In fact, when he really thought about it, everything had turned out differently than he and Nami had planned it. The sky had clouds. Life had death, the sun caused acral-lentiginous melanoma. None of those things had been part of the plan.


Nothing ever worked,


the way it was intended.


Had the bird just called his name? Or perhaps, cawed his name? That staff was beginning to rub off on him.

A shadow fell over him and he opened one eye in time to see the bird gliding on the breeze directly above, blocking his view of the sky. The bird was just about ready to drop…


Izanagi raised his arms to shield himself and two things happened. First, a yoyo fell toward him from the bird. Second, the staff spewed water in his opened eye.

A yoyo?

“HACKKK Wheeeeze.” He had forgotten about his staff. With his free hand Izanagi wiped his face before opening his other eye. The staff continued to cough, and behind the staff the bird still flew in the air. Now he could see what had fallen from the bird. No yoyo. He gasped.

“Staff,” he said trying once again to remain calm. “when I told you to bar the entrance to hell, what exactly did you do?”

“First, I put up some shelves and a mirror, with a variety of colored bottles. I went with modern decor, lots of metal and glass. And of course stools, the spinning kind.”

“You did what?!”

“I barred the entrance. Get it?” The staff giggled insanely. If it had had a neck, Izanagi would have chocked it. He tried anyway.

“Ouch!” Said the staff.


Izanagi sighed again. He supposed there was no way to get out of this one. He looked up to face the bird. No, not to face the bird but what dangled from the birds talon: his dead wife’s eye still attached to a sinewy optic nerve.

The staff whistled. “Eye Yai Yai. It’s her!”

“Shut up staff!” Izanagi’s calm had completely gone away.

“Eye eye, sir!”

The bird shrieked.

“Izanagi, please listen.” The eye shifted worriedly in the air, and Izanami’s voice emanated from it. “I don’t have much time. I’ve made a deal with this bird offering it a meal if it flew me to you. But the bird did not expect such a long journey and it is hungry.”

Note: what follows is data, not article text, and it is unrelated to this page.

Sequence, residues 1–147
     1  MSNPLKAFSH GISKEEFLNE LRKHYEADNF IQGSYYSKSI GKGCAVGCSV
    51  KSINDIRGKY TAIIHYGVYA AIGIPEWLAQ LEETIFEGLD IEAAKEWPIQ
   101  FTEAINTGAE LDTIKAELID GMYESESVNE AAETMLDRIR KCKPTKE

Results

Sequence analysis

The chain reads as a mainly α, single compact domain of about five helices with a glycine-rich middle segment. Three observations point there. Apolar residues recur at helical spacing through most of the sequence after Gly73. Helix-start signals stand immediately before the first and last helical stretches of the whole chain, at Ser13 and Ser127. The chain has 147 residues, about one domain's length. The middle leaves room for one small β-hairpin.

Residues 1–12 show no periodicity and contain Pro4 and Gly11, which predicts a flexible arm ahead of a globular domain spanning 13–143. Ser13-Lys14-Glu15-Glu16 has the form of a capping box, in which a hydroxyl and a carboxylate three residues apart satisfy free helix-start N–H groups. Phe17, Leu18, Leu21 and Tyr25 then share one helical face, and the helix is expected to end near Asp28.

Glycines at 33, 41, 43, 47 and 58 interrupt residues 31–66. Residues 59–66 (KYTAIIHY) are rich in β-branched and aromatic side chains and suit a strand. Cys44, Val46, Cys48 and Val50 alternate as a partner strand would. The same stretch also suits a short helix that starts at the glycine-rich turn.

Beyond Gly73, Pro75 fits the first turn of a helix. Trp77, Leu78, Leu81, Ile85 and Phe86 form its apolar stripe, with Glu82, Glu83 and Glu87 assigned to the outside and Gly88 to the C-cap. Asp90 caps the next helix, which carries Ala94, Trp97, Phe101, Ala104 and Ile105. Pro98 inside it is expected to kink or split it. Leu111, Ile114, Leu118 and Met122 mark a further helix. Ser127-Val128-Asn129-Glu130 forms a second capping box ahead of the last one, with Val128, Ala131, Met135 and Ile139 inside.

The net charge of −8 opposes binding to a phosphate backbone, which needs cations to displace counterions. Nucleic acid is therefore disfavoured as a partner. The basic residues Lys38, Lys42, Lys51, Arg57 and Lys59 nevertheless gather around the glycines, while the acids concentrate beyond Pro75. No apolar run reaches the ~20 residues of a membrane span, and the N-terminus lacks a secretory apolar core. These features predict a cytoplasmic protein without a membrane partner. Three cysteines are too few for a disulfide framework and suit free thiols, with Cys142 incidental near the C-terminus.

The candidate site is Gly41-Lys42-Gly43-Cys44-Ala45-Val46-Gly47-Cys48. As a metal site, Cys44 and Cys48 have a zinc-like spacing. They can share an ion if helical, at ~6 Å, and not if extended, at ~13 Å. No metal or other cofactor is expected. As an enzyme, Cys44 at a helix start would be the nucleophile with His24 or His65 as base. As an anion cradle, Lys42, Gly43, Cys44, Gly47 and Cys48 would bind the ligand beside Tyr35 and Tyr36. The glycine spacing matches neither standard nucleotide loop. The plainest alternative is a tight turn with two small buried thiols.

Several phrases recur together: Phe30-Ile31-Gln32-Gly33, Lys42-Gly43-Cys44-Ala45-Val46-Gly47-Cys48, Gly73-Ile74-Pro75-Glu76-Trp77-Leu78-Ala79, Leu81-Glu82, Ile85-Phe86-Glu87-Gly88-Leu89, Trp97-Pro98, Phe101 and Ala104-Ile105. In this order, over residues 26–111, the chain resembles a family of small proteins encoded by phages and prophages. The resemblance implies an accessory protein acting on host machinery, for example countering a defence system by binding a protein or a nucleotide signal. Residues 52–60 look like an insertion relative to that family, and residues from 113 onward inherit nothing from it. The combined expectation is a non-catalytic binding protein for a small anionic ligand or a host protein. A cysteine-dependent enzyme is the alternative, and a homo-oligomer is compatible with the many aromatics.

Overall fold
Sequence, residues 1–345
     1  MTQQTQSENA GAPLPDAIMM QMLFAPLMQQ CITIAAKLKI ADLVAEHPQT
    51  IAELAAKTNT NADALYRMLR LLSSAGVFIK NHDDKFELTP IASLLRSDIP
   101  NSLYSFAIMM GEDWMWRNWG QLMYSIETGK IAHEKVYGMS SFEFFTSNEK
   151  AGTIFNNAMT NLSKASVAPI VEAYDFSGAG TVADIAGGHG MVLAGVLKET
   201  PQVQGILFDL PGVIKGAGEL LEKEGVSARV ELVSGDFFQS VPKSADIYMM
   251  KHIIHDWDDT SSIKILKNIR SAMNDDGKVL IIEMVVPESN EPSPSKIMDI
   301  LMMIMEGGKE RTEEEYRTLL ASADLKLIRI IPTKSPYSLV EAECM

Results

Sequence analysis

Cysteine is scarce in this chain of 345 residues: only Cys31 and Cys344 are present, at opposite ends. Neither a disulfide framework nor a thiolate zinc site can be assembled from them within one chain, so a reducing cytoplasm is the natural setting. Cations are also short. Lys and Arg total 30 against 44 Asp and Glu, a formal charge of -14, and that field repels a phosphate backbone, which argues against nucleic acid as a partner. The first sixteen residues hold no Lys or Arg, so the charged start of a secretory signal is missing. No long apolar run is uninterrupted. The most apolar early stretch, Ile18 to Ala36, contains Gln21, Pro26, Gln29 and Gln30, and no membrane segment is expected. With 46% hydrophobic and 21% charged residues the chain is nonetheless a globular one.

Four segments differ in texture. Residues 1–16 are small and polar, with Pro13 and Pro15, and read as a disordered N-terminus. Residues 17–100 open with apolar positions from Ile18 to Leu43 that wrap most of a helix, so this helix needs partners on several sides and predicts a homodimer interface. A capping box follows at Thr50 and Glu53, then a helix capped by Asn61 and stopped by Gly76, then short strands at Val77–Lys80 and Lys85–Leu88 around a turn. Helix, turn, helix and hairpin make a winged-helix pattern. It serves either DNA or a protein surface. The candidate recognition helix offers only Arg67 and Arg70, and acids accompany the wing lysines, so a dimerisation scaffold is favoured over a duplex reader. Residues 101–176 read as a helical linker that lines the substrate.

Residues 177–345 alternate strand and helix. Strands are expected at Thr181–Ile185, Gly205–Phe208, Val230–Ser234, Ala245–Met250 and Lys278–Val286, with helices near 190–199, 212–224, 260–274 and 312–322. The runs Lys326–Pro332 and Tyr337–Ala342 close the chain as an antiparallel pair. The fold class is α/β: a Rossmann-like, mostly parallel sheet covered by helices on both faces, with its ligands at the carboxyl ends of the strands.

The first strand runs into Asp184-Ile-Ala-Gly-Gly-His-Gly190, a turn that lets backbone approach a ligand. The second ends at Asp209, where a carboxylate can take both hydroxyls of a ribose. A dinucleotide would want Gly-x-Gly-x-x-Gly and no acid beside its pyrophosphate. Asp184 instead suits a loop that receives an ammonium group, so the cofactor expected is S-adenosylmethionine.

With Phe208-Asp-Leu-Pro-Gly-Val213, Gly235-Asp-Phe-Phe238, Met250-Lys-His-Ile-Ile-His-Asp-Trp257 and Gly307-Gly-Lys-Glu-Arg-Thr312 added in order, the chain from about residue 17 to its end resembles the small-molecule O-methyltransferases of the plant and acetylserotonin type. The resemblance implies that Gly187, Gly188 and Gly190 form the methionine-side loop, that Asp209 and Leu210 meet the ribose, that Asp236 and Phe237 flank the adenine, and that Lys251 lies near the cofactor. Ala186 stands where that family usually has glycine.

The bird shrieked again.

“I will get right to the point." the eye looked at him for approval.

“Go on.”

"When you came to rescue me in hell, I was so happy to see you. My Nagi. The father of my children. We did it all together, stirred the seas with a spoon, used mud to build an island, created the whole world, had several children…”

“RAAACHK” screamed the bird.

“And so on…” The eye blinked.

“Yes, Izanami. It is true.” Izanagi felt very uncomfortable having this conversation with just an eye.

“Well, my love. I went to hell because I was tired and needed some time to think. And I’ve made a decision.”


The eye opened widely, “I want a divorce.”

The bird started to wobble in the air. It beat its wings furiously forcing the eye to whirl and bounce eratically.

“Anyways,” and here the eye seemed to smile, “I am at peace. So, there is no need to rescue me.” The eye looked up at the bird, “Whenever you are ready.”

The bird’s neck swooped forward and it caught the eye in its beak. It tossed its head back and swallowed, then it rose higher into the air and away, the long nerve still dangling from the side of its beak.

Izanagi floated and thought for a long while.

Even his marriage to Izanami had unexpected consequences. Did nothing ever turn out the way it should?

There was always the color blue.

He looked up at the blue sky and sighed. At least now, he could begin to feel at peace.

“Well,” said the staff, “I guess you and she didn’t see eye to eye .”

© Copyright 2019 Kevin Michael Smith. All rights reserved.